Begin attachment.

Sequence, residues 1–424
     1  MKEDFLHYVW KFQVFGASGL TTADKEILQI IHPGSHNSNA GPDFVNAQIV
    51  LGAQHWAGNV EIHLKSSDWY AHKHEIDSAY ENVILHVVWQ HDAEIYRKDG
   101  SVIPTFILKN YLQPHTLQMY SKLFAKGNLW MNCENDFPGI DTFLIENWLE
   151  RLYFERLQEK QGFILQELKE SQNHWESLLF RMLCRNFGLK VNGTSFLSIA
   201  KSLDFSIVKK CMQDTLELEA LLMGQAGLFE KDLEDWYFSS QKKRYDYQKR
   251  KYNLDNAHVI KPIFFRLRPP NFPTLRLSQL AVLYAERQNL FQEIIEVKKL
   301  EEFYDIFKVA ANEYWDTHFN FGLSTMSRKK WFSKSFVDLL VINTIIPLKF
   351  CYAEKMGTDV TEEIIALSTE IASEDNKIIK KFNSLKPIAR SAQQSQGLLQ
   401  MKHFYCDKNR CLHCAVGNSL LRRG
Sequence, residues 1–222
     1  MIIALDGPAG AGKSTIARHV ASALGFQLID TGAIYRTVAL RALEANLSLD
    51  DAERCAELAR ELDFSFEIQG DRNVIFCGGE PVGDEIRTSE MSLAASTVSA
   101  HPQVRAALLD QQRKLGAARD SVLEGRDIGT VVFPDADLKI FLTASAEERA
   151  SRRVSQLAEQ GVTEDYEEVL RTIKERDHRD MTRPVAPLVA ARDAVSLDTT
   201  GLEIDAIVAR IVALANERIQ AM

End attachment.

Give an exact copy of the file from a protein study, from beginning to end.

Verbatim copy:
Sequence, residues 1–424
     1  MKEDFLHYVW KFQVFGASGL TTADKEILQI IHPGSHNSNA GPDFVNAQIV
    51  LGAQHWAGNV EIHLKSSDWY AHKHEIDSAY ENVILHVVWQ HDAEIYRKDG
   101  SVIPTFILKN YLQPHTLQMY SKLFAKGNLW MNCENDFPGI DTFLIENWLE
   151  RLYFERLQEK QGFILQELKE SQNHWESLLF RMLCRNFGLK VNGTSFLSIA
   201  KSLDFSIVKK CMQDTLELEA LLMGQAGLFE KDLEDWYFSS QKKRYDYQKR
   251  KYNLDNAHVI KPIFFRLRPP NFPTLRLSQL AVLYAERQNL FQEIIEVKKL
   301  EEFYDIFKVA ANEYWDTHFN FGLSTMSRKK WFSKSFVDLL VINTIIPLKF
   351  CYAEKMGTDV TEEIIALSTE IASEDNKIIK KFNSLKPIAR SAQQSQGLLQ
   401  MKHFYCDKNR CLHCAVGNSL LRRG
Sequence, residues 1–222
     1  MIIALDGPAG AGKSTIARHV ASALGFQLID TGAIYRTVAL RALEANLSLD
    51  DAERCAELAR ELDFSFEIQG DRNVIFCGGE PVGDEIRTSE MSLAASTVSA
   101  HPQVRAALLD QQRKLGAARD SVLEGRDIGT VVFPDADLKI FLTASAEERA
   151  SRRVSQLAEQ GVTEDYEEVL RTIKERDHRD MTRPVAPLVA ARDAVSLDTT
   201  GLEIDAIVAR IVALANERIQ AM